Trotula  

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Trotula can refer to Trotula of Salerno (11th–12th centuries) or the Trotula texts. Trotula of Salerno was a female physician who worked in Salerno, Italy. Several writings about women’s health have been attributed to her, including Diseases of Women, Treatments for Women, and Women’s Cosmetics. In medieval Europe, these texts were a major source for information on women’s health.

Diseases of Women, Treatments for Women, and Women’s Cosmetics are usually referred to collectively as The Trotula. This is misleading because there is no evidence that Diseases of Women and Women’s Cosmetics were actually written by Trotula; these two texts circulated anonymously until they were combined with Treatments for Women sometime in the thirteenth century. Treatments for Women bears Trotula’s name. By the end of the thirteenth century, the collection of the three texts was known as The Trotula. For the next several hundred years, The Trotula circulated throughout Europe, reaching its greatest popularity in the fourteenth century. Twenty-nine copies exist today.

Only two other texts by Trotula survive. She was one of seven Salerno physicians who contributed to an encyclopedia of medical knowledge, On the Treatment of Illnesses. Her excerpt was later published separately as Practical Medicine According to Trota. These two texts and Treatments for Women are the only three texts bearing Trotula’s name.

Little is known of Trotula's life. She is believed to have been a physician at the so-called School of Salerno. The medieval scholar Caspar Wolff asserted that the Trotula texts were actually written by a man, a freed Roman slave. Two feminist historians, Elizabeth Mason-Hohl and Kate Campbell Hurd-Mead, wrote about Trotula in the 1930s/40s. Both women made false and unsupported elaborations about Trotula’s life, leading to misconceptions that last to this day. It is not known exactly when Trotula lived, if she was married, or if she was an early feminist.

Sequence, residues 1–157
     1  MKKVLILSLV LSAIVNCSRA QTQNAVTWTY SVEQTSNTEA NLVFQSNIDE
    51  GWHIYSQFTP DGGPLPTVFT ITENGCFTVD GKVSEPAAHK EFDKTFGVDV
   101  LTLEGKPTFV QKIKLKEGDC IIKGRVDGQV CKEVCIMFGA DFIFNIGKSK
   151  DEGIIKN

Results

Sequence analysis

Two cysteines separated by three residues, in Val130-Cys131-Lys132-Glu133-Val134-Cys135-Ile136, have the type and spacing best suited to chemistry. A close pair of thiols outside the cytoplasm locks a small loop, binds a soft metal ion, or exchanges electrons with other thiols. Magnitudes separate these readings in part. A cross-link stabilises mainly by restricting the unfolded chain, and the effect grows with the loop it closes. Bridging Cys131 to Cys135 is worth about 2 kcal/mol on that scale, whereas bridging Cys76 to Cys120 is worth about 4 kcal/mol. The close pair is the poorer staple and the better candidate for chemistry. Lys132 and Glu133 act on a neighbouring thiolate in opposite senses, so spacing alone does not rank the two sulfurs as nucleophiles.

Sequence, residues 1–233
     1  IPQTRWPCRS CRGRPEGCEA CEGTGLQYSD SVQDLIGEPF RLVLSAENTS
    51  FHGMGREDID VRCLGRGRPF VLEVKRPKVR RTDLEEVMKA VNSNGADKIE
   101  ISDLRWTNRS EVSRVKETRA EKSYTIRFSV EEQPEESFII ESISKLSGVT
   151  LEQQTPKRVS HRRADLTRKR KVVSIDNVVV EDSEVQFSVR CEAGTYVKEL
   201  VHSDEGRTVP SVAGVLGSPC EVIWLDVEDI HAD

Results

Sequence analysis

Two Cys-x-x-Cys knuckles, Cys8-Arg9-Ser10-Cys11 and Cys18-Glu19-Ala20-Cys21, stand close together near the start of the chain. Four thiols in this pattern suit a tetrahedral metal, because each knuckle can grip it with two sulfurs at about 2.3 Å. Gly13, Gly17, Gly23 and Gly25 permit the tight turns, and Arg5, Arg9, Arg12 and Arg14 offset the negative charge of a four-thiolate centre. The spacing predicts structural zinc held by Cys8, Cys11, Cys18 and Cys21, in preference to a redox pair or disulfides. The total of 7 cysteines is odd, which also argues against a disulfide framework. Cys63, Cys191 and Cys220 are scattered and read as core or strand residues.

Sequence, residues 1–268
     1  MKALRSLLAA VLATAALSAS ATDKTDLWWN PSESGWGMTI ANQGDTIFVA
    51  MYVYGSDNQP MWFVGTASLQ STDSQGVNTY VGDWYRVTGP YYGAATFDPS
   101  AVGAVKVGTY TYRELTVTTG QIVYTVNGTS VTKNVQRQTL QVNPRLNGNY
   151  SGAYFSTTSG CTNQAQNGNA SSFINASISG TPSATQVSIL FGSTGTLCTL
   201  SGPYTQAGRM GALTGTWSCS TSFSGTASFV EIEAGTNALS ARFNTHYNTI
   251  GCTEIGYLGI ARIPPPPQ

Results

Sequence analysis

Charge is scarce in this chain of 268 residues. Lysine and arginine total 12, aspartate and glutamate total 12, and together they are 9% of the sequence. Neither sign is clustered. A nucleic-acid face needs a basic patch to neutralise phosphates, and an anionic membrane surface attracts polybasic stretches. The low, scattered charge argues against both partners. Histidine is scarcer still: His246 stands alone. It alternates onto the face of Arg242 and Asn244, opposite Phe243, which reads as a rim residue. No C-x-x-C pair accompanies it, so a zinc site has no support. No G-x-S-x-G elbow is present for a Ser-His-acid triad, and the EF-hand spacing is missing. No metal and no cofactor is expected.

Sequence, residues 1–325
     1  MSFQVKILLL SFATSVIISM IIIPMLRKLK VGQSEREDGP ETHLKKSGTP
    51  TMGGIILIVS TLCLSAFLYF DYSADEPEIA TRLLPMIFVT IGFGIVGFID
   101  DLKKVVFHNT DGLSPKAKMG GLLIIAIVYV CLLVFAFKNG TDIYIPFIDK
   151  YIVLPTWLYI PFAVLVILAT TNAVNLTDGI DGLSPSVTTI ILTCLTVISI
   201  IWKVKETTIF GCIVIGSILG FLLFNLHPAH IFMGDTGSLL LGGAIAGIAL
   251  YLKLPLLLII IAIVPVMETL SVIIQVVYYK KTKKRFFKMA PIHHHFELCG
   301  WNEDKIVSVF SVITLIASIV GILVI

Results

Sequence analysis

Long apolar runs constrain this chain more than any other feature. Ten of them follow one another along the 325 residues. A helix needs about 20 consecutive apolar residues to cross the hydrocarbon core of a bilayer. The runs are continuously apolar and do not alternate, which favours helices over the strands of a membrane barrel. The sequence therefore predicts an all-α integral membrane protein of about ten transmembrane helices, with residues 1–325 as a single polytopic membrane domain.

The Trotula

Diseases of Women (De passionibus mulierum curandarum, Trotula Major):

Divided into twenty-seven sections, it describes a variety of female health issues, concentrating on problems with menstruation and child birth. Unlike Treatments for Women, it proposes theoretical explanations of the problems. The theoretical explanations are mainly based on Galen’s gynecological theory. Galen asserts that women are colder than men and unable to “cook” their nutrients; thus they must eliminate excess substance through menstruation. In Galenic gynecology, menstruation is viewed as a healthy and important phenomenon. The author of Diseases of Women describes ways of regulating menstruation at length. The issue of womb movement, another major part of Galenic gynecology, is also discussed in detail. Upward movement of the womb, or “suffocation” of the womb, causes a variety of problems. The author explains that womb suffocation results from an excess of female semen (another Galenic idea) and proposes several possible remedies. Other issues discussed at length are treatment for obstetric fistula and the proper regimen for a newly born child. The author of this text was probably introduced to Galenic gynecology through Arabic medical texts, such as Ibn al-Jazzar's Viaticum.

Treatments for Women:

This text lists treatments for various female issues (and a few male issues as well). Little explanation for the cause of the problem is given; instead, the focus lies on the treatment of the issue. The issues described range from sunburn to infertility. The remedies often involve mixtures of herbs and spices. The treatments listed originate from the Mediterranean oral tradition, rather than Galenic or Arabic texts.

Women’s Cosmetics:

Describes techniques for whitening teeth, dying hair, purifying skin, removing hair, and coloring lips. This text is shorter than the other two. Many of the treatments are of Muslim origin.



Unless indicated otherwise, the text in this article is either based on Wikipedia article "Trotula" or another language Wikipedia page thereof used under the terms of the GNU Free Documentation License; or on original research by Jahsonic and friends. See Art and Popular Culture's copyright notice.

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